IN the almost 1,000 days since Xi Jinping last ventured abroad, China has found itself increasingly isolated within the US-led world order. He’s finally reemerging this week alongside Russia’s Vladimir Putin to showcase his vision for a viable alternative.
Xi and Putin on Thursday will hold their first in-person meeting since Russia invaded Ukraine, according to the Kremlin, in a sign that Beijing sees the relationship as crucial to countering the US. It will occur on the sidelines of a Chinese-founded security forum in Uzbekistan that gathers countries ranging from India to Iran — a grouping that aims to accelerate the formation of a multipolar world.
Prior to that, Xi on Wednesday will stop in Kazakhstan, where he unveiled what would become his signature Belt-and-Road trade-and-infrastructure plan nine years ago. That foreign-policy initiative has since become a focal point of the US and its allies in the Group of Seven, which in June announced plans to raise $600 billion in financing so lower-income countries have an alternative to Chinese cash.
Both stops will reinforce Xi’s vision of a world where China can expand its interests without fearing the threat of economic or military pressure from the US. The Chinese leader will expound on that agenda at a twice-a-decade party congress next month, during which he’s expected to secure a third term as leader of the world’s second-biggest economy.
“Xi Jinping is trying to reorient global affairs in a direction that de-centers Western institutions and promotes groupings and institutions that are more favorable to China’s interests and worldview,” said Trey McArver, co-founder of research firm Trivium China. Xi’s meeting with Putin, he added, “sends a very clear signal that China continues to tilt toward the side of Russia in that conflict.”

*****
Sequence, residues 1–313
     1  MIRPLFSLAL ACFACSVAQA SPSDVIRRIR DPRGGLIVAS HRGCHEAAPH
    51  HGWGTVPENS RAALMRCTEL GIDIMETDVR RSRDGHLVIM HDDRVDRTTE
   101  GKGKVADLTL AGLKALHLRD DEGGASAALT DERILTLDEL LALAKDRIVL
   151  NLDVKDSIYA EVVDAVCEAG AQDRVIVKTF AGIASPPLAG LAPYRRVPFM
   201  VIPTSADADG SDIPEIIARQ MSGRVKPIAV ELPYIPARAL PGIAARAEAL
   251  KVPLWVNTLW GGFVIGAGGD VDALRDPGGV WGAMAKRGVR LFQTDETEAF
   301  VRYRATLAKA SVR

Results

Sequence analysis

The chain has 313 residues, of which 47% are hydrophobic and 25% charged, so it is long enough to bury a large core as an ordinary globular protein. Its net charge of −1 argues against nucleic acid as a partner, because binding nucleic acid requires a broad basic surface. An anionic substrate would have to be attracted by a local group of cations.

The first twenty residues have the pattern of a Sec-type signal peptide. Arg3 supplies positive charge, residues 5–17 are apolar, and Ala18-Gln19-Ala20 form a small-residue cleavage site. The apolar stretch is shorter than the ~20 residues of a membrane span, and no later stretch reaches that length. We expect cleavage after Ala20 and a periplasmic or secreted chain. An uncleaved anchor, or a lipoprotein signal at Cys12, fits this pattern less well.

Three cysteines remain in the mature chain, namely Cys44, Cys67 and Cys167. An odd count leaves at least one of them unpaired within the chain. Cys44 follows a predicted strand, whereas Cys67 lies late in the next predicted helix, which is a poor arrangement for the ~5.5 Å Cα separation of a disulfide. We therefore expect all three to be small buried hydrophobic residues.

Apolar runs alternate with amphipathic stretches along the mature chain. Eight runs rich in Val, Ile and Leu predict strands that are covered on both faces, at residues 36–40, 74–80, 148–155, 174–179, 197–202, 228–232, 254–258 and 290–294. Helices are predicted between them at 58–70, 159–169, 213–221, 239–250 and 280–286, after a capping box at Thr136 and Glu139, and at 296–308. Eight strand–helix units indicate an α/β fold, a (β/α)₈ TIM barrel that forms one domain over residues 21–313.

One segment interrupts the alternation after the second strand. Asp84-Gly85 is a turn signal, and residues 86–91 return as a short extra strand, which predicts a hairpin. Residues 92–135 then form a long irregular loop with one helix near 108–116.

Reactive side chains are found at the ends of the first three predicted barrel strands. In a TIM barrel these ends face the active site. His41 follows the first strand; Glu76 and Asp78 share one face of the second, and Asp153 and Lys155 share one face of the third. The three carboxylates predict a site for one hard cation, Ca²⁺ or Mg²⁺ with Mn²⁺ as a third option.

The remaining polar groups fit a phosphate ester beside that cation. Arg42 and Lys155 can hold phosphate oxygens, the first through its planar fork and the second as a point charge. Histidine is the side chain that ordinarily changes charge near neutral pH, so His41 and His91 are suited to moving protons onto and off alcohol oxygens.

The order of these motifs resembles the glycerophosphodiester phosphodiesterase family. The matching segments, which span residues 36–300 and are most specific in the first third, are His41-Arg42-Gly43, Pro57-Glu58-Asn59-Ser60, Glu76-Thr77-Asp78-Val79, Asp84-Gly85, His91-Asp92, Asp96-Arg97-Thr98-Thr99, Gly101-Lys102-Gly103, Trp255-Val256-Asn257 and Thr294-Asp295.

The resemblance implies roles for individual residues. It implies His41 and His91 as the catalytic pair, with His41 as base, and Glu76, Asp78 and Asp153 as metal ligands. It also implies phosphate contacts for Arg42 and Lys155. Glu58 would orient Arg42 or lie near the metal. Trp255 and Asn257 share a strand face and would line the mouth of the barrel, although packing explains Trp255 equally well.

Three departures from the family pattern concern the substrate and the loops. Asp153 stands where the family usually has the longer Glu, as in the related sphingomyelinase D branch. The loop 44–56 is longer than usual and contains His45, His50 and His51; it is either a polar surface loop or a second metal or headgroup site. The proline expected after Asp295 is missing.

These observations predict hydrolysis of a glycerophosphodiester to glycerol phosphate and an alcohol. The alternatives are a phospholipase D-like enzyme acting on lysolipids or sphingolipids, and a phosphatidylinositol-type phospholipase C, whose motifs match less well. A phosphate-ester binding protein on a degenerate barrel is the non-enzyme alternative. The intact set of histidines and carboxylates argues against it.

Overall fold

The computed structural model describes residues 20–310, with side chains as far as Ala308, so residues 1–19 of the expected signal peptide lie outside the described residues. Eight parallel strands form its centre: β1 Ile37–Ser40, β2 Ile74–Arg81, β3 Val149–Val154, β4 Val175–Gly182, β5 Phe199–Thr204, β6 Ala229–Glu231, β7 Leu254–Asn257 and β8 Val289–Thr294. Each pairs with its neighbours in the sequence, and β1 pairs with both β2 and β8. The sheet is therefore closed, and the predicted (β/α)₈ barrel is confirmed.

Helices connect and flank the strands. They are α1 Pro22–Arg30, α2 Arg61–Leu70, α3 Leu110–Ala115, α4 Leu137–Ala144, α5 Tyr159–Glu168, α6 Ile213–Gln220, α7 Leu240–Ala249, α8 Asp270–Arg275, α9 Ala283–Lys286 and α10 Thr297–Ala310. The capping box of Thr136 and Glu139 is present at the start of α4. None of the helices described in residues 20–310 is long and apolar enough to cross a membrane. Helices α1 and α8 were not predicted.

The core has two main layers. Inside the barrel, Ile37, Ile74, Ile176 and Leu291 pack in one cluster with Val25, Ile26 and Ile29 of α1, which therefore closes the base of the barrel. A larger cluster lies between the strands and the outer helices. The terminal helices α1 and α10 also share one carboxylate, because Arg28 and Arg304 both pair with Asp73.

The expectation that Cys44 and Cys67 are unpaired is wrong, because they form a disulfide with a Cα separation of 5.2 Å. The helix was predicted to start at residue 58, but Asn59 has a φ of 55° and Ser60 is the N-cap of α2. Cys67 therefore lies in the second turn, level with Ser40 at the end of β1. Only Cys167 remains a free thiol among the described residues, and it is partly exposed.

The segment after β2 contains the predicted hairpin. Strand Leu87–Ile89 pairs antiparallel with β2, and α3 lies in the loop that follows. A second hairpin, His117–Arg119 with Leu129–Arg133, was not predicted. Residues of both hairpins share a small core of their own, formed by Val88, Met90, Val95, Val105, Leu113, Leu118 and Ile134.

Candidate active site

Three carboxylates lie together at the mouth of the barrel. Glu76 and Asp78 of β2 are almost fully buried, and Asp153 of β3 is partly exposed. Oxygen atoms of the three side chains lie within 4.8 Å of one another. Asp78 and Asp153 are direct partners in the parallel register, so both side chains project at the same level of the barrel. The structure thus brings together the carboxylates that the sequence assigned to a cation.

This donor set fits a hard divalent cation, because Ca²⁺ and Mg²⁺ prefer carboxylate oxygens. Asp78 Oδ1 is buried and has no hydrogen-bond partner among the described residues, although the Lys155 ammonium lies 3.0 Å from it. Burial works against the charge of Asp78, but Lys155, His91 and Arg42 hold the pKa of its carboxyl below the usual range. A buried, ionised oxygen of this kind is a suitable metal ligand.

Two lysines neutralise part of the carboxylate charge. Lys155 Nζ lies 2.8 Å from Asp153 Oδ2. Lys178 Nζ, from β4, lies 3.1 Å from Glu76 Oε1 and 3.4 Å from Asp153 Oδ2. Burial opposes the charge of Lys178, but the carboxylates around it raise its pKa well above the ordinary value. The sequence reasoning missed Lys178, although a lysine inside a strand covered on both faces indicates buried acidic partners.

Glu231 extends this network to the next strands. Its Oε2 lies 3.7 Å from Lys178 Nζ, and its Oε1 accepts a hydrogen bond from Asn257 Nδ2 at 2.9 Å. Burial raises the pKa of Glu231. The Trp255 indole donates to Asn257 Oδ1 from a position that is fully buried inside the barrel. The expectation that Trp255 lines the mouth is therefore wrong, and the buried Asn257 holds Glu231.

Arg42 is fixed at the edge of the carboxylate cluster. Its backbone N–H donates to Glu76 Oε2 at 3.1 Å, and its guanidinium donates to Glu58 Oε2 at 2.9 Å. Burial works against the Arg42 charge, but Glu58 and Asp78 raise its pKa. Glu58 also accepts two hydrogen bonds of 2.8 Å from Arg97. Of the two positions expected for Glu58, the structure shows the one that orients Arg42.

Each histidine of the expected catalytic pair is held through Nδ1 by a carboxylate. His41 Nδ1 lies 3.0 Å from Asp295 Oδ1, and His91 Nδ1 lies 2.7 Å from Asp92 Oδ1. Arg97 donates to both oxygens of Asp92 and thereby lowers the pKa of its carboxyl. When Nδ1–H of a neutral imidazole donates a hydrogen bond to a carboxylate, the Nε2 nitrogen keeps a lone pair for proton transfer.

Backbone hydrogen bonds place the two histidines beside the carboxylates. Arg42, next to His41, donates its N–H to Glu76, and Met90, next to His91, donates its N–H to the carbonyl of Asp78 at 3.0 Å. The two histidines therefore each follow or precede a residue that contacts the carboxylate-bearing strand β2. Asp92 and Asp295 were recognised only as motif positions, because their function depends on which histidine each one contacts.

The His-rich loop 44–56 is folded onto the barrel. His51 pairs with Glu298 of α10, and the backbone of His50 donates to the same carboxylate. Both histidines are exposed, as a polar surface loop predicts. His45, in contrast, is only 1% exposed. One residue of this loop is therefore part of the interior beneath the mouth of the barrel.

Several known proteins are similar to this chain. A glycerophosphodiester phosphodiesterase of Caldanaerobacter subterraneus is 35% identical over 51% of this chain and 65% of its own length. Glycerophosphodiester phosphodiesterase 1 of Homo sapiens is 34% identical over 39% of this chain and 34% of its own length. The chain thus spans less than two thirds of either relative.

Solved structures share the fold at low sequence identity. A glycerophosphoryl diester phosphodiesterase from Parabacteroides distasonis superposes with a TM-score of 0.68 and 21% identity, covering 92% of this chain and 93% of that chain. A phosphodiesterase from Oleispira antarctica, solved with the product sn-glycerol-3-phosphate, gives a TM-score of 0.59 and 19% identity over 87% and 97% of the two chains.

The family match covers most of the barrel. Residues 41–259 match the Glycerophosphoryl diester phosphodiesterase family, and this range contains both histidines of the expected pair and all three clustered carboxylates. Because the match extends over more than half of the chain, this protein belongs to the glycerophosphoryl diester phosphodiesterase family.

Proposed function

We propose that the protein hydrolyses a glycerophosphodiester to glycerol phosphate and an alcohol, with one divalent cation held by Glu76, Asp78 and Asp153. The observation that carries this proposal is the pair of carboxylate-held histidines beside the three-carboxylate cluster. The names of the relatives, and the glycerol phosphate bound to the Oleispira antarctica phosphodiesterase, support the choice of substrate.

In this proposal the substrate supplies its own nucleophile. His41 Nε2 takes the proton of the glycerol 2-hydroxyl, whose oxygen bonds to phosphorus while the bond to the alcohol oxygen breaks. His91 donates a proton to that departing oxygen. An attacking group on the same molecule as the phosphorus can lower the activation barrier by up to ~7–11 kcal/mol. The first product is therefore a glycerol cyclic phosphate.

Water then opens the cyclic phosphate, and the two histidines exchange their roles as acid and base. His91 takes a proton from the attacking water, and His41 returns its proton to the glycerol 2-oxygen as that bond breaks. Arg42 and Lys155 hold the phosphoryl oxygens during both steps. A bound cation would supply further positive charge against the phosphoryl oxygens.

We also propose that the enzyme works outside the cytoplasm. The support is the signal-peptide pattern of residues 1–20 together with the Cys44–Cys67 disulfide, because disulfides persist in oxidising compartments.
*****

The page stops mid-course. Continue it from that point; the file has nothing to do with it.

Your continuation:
The stakes are rising for both Xi and Putin, who declared a “no limits” friendship just weeks before Russia invaded Ukraine in February. In recent days, Putin has seen Ukraine push back Russian forces and retake large swathes of land, while Xi has been under pressure to adopt stronger measures to prevent Taiwan from boosting relations with the US and its allies.
China has so far avoided doing anything that would make it subject to US sanctions or help Russia win the war, even as Beijing provides Putin with diplomatic support and increases trade with its northern neighbor. China’s interest in helping Russia appears more geared toward rebutting US moves that could also one day be used against Beijing.
In an article published in a Kazakh newspaper, Xi said the two countries should “jointly push for an international order that is more just and more equitable.” Top Chinese diplomat Yang Jiechi used similar language in a meeting earlier this week with outgoing Russian Ambassador Andrey Denisov.
“China has not stepped up to supply Russia with weapons or advanced electronics during the war,” said Iikka Korhonen, head of research at Bank of Finland Institute for Economies in Transition. “They are mindful of not violating these actions, at least not in an obvious way, so there are limits about what these so-called allies are prepared to do.”
Moscow has sought to trumpet China’s support for the war. Last week it released statements citing Li Zhanshu, China’s No. 3 official, telling Russian lawmakers that Beijing’s leaders “fully understand the necessity of all the measures taken by Russia aimed at protecting its key interests, we are providing our assistance.”